"If the kids like ice cream, you can't always give them ice cream"
Eels‘ Mark ‘E’ Everett has said that new album ‘The Deconstruction’ is a “compassionate” antidote to the current state of world affairs – as well as revealing that he may well write a sequel to his acclaimed autobiography ‘Things The Grandchildren Should Know’.
This week sees Eels release 12th studio album ‘The Deconstruction’. After the confessional, reflective and often self-deprecating predecessor ‘The Cautionary Tales of Mark Oliver Everett’, E told NME that he had his mind firmly set on moving ever onwards as an artist and as a person.
“I don’t like to immerse myself in the past,” E told NME. “That happened when I wrote my book but it’s hard for me. I really thrive on trying to focus on the moment and moving forward.
“I feel so lucky because when I was growing up, the artists that I was really interested in were the ones that would evolve from record to record. It all started when I was a little kid looking at The Beatles album covers and marvelling at how much they would change from year to year. The price you pay for being that kind of artist is that you definitely pair down your audience.”
He continued: “One year, and audience will come and see you with a string quartet, then the year after it’s ‘Souljacker’ or something and they’re like ‘what the fuck? This isn’t what I signed up for’. But with the kind of fan that I was, you’d want the unexpected. I like those guys.”
What did you mean when you previously talked about not wanting to repeat the personal process of the last album?
“The thing that made me most uncomfortable about that record was having my name in the title and my picture big on the cover. That’s not something I normally do. I regret doing that, but I felt like I had to because I wanted it to be really naked.”
So was the whole process markedly different this time?
“Well I didn’t put my picture on the cover so I already like it better. After a four year break it feels like such an exotic new thing for me to be back at it.”
Lyrically, what would you say you’re dealing with on this record?
“I think that a lot of it is about compassion and kindness and trying to accept our reality. That’s the key to happiness. I’m not an expert on any of the subjects in the songs on this record. Whoever I’m talking to in the song, I’m also simultaneously talking to myself.”
So is it an explicit reaction to what’s going on in the world right now or is it all about day-to-day experiences?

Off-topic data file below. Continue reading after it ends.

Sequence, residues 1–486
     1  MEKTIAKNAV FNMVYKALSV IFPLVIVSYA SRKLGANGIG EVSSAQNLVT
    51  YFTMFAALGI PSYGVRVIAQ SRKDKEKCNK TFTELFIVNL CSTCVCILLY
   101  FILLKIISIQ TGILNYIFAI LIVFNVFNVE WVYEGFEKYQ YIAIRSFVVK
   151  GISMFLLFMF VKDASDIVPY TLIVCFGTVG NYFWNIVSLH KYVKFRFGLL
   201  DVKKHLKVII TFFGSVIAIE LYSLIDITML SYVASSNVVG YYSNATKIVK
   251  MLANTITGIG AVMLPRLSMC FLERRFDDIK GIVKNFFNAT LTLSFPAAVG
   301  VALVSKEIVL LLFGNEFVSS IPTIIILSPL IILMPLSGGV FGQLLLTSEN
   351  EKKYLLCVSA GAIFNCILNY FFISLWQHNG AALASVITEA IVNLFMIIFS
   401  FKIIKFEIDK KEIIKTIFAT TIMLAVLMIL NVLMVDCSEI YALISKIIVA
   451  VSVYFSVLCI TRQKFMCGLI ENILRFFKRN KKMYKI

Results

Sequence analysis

“I guess it’s a mixture of both. It’s impossible to ignore the state of the world at the moment, but I feel that we still need to remember that there’s a lot of beauty in the world, and we can create that by choosing to be happy whenever possible and be kind. That can be challenging but it’s worth the battle.”
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Do you still feel as if people are hung up on the wrong impression of you after all these years?
“The one thing that I think is a recurring theme is the lazy headline journalism that “this is the depressing band”. That’s completely missing the point, but I get it. You know, “oh, Electro-Shock Blues is about his family dying – pass”. I get that kind of thinking, but for those that are willing to spend a little time with it, they’re going to find out that it’s the opposite. It’s really the ultimate life-affirming message. Someone can go through all that and find the blue sky when the clouds break.
“You can’t please everybody, so why try? If the kids like ice cream, you can’t always give them ice cream.”
When you appeared as an actor in ‘Love’ and ‘This Is 40’, did you feel like that exposed you to a whole new audience?
“I don’t know if the people who watch ‘Love’ are aware that I’m a guy in a real band. I’m not on there playing Eels songs. The nice thing about it was that I was playing a character – although it wasn’t too much of a stretch. It was like an even more pretentious of myself; the Silver Lake hipster know-it-all. It was half fun and half terrifying and not what I normally do, but I learned so much.”
Would you do more screen work and acting?
“I would definitely do some more if it felt like a good fit, but it’s not something I expect to happen. I would probably get typecast in some musician things, but I could also get typecast as homeless men and criminals.”
In other extra-curricular work, would you ever write a sequel to ‘Things The Grandchildren Should Know’?
“It’s possible. When I first wrote that book I thought ‘ah, it’s going to be the most boring book on Earth’. That was of course, naive of me to think. There’s probably a very entertaining sequel in the 10 years that have happened since. We’ll see.”
‘The Deconstruction’ is released on April 6.
Eels tour dates and tickets
Eels’ upcoming UK and European tour dates are below. Tickets are available here.
17 – Germany, Mannheim, Maifeld Derby
18 – Netherlands, Utrecht, Tivoli Vredenburg
19 – Netherlands, Utrecht, Tivoli Vredenburg
21 – Netherlands, Amsterdam, Paradiso
23 – Italy, Cesena, Acieloaperto, Rocca Malatestiana
25 – Germany, Munich, Tonhalle
26 – Germany, Cologne, E-Werk
28 – Germany, Berlin, Tempodrom
29 – Germany, Hamburg, Grosse Freiheit
30 – Luxembourg, Luxembourg, Siren’s Call
2 – UK, London, O2 Academy Brixton
3 – UK, Manchester, Manchester Academy
4 – UK, Glasgow, O2 Academy
6 – Ireland, Dublin, Iveagh Gardens
8 – Belgium, Werchter, Rock Werchter
9 – France, Paris, Olympia
11 – Spain, Barcelona, BARTS
12 – Spain, Madrid, Mad Cool Festival
13 – Portugal, Lisbon, NOS Alive Festival
16 – Austria, Feldkirch, Poolbar Festival
17 – Austria, Vienna, Arena
20 – Switzerland, Lucerne, Blue Balls Festival